Saturday, September 16, 2000

Couple shares dream barn


Rescued structure becomes perfect country home

By Shauna Scott Rhone
The Cincinnati Enquirer

        On the outer reaches of the shrinking countryside are forgotten testaments, weather-worn houses and barns leaning on the shoulders of time, silently weary from years of productive utility.

[photo] The abandoned 1815 cattle barn as it appeared.
[photo] The finished converted home.
(Enquirer photo)
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        Sometimes gravity serves as a natural bulldozer, bringing the handmade shelters crashing to the landscape. Sometimes man brings in his bulldozer to erase an ancestor's hard work in the name of progress.

        And sometimes these structures are righted by a dream, brought back proudly to their majesty because someone saw potential among the ruins. In Maineville, potential evolved from a dream into the remarkable home of Armand and Joyce Re.

        When a friend told the Res about the orphaned wheat and cattle barn built in 1815 by Quakers, they knew they had struck gold.

GREAT HOUSES
  What a great house!
  Maybe it's the cottage belying its 100-plus years. Or the opulent turn-of-the-century mansion built high on the hill. It could be a new house, wired for the latest in electronic wizardry. Or a contemporary home showcasing tomorrow's design trends.
  It's the house that makes you look twice, the house that starts the imagination churning about what's inside.
  If you have a favorite special house in Greater Cincinnati, let us know. Suggestions to Shauna Scott Rhone, Tempo, Enquirer, 312 Elm St., Cincinnati 45202; fax: 768-8330.

        “I had converted a barn like this for my previous employer,” says Mr. Re, a former industrial designer.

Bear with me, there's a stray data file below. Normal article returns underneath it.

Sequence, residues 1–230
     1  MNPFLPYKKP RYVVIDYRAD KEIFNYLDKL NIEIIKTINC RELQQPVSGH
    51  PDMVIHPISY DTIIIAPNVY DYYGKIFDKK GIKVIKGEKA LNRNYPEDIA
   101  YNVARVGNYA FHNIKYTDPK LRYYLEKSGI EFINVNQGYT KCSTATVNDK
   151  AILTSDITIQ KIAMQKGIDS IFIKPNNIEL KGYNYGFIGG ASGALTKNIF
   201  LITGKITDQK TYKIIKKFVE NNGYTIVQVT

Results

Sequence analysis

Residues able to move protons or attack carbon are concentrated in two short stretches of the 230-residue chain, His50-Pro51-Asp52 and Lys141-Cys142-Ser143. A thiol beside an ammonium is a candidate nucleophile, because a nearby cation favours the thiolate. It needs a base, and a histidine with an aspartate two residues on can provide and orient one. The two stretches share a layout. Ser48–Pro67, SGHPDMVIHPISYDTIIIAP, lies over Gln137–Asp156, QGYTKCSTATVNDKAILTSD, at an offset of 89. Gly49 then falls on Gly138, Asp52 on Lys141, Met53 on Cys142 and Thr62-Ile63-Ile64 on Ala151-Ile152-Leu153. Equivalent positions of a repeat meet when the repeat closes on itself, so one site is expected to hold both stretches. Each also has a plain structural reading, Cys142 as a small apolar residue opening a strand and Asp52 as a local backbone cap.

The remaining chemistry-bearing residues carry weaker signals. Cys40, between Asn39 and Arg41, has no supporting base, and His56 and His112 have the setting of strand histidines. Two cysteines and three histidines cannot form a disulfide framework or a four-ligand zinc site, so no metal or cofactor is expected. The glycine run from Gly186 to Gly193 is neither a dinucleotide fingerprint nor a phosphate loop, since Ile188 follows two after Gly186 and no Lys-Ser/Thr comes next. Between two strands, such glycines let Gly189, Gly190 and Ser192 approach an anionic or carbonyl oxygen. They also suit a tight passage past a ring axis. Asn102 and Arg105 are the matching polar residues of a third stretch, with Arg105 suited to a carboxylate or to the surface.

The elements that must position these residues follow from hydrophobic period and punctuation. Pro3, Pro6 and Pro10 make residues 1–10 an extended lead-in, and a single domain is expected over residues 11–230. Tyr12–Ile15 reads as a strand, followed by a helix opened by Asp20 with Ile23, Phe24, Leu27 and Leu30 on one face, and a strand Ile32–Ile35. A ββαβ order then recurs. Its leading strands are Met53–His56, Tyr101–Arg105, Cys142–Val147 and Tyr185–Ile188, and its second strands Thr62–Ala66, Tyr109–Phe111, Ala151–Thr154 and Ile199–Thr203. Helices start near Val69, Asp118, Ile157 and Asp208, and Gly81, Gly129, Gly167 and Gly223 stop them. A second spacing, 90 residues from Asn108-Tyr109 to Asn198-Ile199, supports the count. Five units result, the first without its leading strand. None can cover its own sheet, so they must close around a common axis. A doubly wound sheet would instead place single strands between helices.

That experience gave Mr. Re the desire to recreate the magic for his own home. While Mr. Re was gung-ho to get the project started, his wife was less enthusiastic.

        “When Armand told me we would have to move into a double-wide (trailer) next to the barn during construction, I thought he was crazy,” she says. “A week later, we were moved in.”

        Being that close during the conversion turned out to be a good thing; the workers managed to make a few mistakes. Like the miscalculated doorway the Res had to step over to get from room to room.

        “We wanted something right here,” Mrs. Re says, gesturing at the revised doorway, “to let more sun in the family room, not less. They practically sealed it off.”

        The electrician ruined several drill bits trying to bore through the old oak and walnut beams.

        Ingenuity eventually transformed the barn into a bi-century split-level, complete with two screened sunrooms and two unusual parking spots, one beneath and one inside the second floor. The best way to describe it is to say that Mr. Re's blueprint mimics opening a roof, dropping inside all the things you've always wanted in a home and closing the roof to cover the surprise.

[photo] A modern kitchen in white and chrome sits underneath the barn's original wooden open-thatched thresher.